In putting together my notes for the presentation I’m giving on “Ethics in the Digital Age” at the Laptop Institute in Memphis, TN, I ran across a posting from David Warlick. I had the pleasure of meeting David a couple of years ago when he was a keynote speaker at the Laptop Institute, and I have a great deal of professional respect for him. I agree with his observation regarding where to draw the line regarding cheating, plagiarism, and outsourcing. Part of the problem, as I see it, is the purpose in the research assignment:
A few years ago I had given a research project to a college level class. I warned them ahead of time of the consequences for plagiarism and had even spent a chunk of a class period defining plagiarism (from an ethical rather than just your run of the mill Webster’s dictionary version) as well as giving them examples of how I had caught individuals in the past who had attempted to plagiarize on the assignment. My basic definition: Plagiarism is knowingly taking someone else’s written work, research, art, or ideas without giving the original author his or her credit. Of course, those who were actually worried about it would ask: “What if I take it unknowingly”?
This is where the role of educator steps in.
Many times we just want to walk away and say “tough” or label them as a cheater. But this, as with many other situations, opens a “teachable moment” where the teacher is able to show the student how to better research and discover the true purpose of a research assignment. Now, if that purpose was simply to regurgitate information that has already been written in the past then the purpose of the assignment was to plagiarize (unless the assignment is nothing but quotes). If the purpose of the assignment was to help to student come to some realization or conclusion about how they stood on an issue or how they interpreted a text, then the teacher has actually assigned something enlightening.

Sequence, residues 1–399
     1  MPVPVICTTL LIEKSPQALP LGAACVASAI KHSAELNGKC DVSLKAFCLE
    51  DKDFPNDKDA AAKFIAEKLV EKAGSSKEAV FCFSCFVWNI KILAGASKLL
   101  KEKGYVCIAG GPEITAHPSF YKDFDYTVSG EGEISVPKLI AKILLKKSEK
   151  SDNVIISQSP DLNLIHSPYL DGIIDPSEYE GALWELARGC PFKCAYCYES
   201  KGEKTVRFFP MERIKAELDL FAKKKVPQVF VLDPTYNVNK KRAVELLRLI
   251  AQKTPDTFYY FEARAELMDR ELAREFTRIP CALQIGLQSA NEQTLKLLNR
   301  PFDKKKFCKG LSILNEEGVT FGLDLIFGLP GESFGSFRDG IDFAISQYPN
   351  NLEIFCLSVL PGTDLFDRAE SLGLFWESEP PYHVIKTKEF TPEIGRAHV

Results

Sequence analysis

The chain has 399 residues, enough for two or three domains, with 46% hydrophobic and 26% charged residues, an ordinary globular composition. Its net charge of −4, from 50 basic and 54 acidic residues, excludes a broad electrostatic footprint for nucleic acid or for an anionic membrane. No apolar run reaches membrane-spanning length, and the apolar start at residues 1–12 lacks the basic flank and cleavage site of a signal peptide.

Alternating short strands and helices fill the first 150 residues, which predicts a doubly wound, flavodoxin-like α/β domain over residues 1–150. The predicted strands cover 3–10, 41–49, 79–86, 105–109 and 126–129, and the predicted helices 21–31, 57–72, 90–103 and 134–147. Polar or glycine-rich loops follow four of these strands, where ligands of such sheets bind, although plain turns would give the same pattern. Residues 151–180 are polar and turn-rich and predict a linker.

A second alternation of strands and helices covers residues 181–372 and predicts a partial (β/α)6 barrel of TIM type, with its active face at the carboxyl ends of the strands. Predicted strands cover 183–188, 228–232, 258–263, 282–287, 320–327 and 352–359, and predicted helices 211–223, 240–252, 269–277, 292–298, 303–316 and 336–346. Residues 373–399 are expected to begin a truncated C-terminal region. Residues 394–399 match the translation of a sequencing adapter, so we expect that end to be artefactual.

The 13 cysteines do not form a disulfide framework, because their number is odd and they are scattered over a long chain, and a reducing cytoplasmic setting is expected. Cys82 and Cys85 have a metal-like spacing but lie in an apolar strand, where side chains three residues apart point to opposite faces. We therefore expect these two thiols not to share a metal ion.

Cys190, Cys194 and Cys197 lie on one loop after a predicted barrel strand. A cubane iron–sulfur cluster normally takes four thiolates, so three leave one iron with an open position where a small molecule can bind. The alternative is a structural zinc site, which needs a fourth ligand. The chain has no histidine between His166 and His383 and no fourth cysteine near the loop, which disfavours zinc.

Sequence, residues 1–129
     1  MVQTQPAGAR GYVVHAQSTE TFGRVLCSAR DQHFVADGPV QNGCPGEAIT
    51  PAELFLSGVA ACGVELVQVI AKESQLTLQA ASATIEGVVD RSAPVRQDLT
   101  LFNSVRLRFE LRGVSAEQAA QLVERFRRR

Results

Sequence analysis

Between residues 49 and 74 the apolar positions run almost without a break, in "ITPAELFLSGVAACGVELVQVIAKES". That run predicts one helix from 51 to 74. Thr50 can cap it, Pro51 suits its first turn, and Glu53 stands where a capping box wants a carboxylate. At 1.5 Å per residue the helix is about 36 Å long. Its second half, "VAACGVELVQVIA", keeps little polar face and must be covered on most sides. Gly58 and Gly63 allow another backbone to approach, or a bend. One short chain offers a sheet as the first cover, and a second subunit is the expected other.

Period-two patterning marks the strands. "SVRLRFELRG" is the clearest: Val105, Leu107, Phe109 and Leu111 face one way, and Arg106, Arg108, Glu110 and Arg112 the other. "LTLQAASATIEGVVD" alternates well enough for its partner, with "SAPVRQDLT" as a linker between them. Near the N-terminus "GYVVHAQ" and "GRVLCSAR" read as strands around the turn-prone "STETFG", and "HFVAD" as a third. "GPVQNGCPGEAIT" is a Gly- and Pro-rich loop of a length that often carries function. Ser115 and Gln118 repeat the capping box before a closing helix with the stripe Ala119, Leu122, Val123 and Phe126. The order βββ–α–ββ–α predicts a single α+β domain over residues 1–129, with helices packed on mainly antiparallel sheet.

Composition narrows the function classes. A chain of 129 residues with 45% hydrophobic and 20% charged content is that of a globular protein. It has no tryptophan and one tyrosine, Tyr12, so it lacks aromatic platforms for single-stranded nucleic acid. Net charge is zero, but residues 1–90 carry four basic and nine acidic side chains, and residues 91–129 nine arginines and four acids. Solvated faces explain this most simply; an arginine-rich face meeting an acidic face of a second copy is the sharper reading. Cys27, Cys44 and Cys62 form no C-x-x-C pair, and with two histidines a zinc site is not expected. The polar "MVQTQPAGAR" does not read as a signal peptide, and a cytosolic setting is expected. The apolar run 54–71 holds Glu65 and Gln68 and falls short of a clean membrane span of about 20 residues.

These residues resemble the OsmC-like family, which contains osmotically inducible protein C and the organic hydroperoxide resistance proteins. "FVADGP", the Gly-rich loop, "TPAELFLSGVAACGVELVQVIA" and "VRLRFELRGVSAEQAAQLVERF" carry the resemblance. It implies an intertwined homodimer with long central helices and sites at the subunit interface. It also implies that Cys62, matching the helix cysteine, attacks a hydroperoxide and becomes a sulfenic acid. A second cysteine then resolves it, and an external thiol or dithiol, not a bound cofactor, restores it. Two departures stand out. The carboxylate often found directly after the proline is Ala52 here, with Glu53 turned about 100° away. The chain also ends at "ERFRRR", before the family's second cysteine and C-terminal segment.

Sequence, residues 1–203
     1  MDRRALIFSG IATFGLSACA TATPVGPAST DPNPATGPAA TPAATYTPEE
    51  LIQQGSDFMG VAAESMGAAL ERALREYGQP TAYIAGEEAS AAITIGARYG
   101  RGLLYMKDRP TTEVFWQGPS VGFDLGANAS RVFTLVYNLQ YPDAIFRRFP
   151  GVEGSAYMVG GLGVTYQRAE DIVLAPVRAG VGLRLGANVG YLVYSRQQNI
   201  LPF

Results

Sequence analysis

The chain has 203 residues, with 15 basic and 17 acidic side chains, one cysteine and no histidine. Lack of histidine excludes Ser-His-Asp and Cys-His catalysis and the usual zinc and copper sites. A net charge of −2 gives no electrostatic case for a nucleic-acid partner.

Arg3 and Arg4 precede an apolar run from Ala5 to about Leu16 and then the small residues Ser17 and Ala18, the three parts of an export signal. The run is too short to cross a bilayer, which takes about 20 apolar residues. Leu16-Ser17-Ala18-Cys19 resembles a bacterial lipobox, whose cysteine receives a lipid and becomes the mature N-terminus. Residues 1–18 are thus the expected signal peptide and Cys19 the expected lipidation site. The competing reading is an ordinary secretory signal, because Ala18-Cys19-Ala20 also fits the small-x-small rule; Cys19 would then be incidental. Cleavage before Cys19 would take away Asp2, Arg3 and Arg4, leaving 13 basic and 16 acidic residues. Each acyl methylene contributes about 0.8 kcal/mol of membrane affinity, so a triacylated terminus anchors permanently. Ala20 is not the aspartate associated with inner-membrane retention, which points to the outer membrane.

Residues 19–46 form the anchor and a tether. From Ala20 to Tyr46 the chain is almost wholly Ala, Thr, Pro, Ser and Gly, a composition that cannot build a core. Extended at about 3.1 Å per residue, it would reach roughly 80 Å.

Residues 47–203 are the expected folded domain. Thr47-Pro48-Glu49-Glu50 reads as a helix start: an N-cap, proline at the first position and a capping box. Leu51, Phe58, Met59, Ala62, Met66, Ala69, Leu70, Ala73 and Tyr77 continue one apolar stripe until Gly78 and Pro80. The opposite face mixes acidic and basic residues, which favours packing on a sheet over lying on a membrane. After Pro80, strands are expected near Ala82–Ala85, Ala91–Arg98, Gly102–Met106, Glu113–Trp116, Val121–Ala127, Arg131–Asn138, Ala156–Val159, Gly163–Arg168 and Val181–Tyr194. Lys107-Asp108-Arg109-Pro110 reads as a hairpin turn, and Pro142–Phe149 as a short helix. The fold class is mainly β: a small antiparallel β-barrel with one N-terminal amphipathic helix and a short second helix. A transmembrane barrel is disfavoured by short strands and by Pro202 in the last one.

For me, as a teacher, the answer to where we draw the line (as David Warlick proposed) begins both with our understanding of plagiarism but also rethinking our notion of research assignments with our students.
As I continue to put together my notes for my presentation in July, I’ll probably post a bit more on this…